It turned out that you can teach an old dog new tricks. Arsene Wenger seemed weighed down by obduracy, a man resolutely refusing to learn the lessons his critics felt he needed to heed. While the rest of the footballing world changed, Arsenal stayed the same.
Until Wenger switched tack, surprised his doubters, and suggested he had been secretly studying Antonio Conte. He adopted a back three, a policy he had ditched in the summer of 1997 after inheriting Bruce Rioch’s 3-5-2 formation.
Imitation proved the sincerest form of flattery and the most effective method of combating Conte's system. Arsenal seemed to line up in the FA Cup final with inferior personnel to Chelsea but won most individual battles, played 3-4-2-1 better and secured the silverware.
Perhaps it showed football’s cyclical side. Chelsea’s time playing 4-2-3-1 came to an abrupt halt when Arsenal deployed the same system to rather greater effect and beat them 3-0 last September. They go into a rematch with both remodelled.
Chelsea, who are able to unleash an expensive new centre-back in Antonio Rudiger, won 27 of 32 league games playing 3-4-2-1.
A May setback at Wembley Stadium can be deemed an off day. Arsenal won nine of 10 after Wenger’s spring switch.
As they included three notable scalps – both Manchester clubs and Chelsea – it could be deemed an unqualified success.
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Yet Manchester United fielded a weakened team because of a focus on Europe. Manchester City had a goal wrongly ruled out and twice hit the woodwork. The margins can be narrow.
Arsenal only conceded seven goals in those final 10 games which, after letting in 23 in the previous 10, represented a marked improvement.
Players such as Gabriel, Nacho Monreal and Rob Holding flourished as, at Wembley, did Per Mertesacker. Yet, in stats compiled by the website Arseblog, Arsenal conceded slightly more big chances per game against the same opponents with a back three.
One difference was that fewer went in, another that they created 1.3 more per game. They became more prolific, but that was partly due to Alexis Sanchez, scorer of eight goals in those 10 matches.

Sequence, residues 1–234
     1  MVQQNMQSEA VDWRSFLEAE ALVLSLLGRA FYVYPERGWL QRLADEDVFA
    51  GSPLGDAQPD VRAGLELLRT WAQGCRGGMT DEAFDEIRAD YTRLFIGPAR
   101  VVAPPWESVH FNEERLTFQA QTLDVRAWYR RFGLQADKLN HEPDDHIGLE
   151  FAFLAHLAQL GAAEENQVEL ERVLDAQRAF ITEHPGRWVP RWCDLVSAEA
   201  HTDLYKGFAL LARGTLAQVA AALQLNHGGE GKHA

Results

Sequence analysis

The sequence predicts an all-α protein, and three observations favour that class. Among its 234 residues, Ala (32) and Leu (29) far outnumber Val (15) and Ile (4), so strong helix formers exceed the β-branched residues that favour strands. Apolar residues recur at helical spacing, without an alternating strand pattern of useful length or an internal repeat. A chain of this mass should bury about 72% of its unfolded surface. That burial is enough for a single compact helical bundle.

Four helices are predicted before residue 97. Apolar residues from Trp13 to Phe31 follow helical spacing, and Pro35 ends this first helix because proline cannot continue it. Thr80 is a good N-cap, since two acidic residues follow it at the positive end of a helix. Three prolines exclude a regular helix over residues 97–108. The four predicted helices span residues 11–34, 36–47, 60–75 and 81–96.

While Wenger is adamant the Chilean is staying this season and rationalised “it's always in your interests, even if you have a short contract, to do well", he may be relying on an unsettled figure. Sanchez only returned to training on Tuesday and is unlikely to start on Sunday, but the record buy Alexandre Lacazette should.
Yet Arsenal’s fortunes might rest less on attack than that reconfigured defence.
Whereas Conte had years of experience organising a back three, whether with Juventus or Italy, Wenger does not. His back three has looked frail in pre-season and the experiment of using midfielder Mohamed Elneny in defence has been abandoned.
Their best-laid plans have been unlocked by Chelsea before. First Didier Drogba and then Diego Costa assumed the mantle of the scourge of Arsenal. The latter scored even in the FA Cup final defeat.
His replacement, Alvaro Morata, is neither as physical nor as combustible. “Maybe less of a goalscorer than Costa but he can create more,” Wenger said on Thursday.
At least he need not worry about the injured Eden Hazard, while Pedro is a further doubt, and at least Arsenal’s best defender is available: Laurent Koscielny’s suspension for his dismissal against Everton will be served in Premier League games instead.
He missed the start of last season, which Arsenal began in chaotic fashion by losing 4-3 to Liverpool. It set the tone for a season when defensive issues were only resolved by copying Conte. Yet change seemed to come more from desperation than inspiration.
The test is if it, like Chelsea’s switch, will prove sustainable and successful.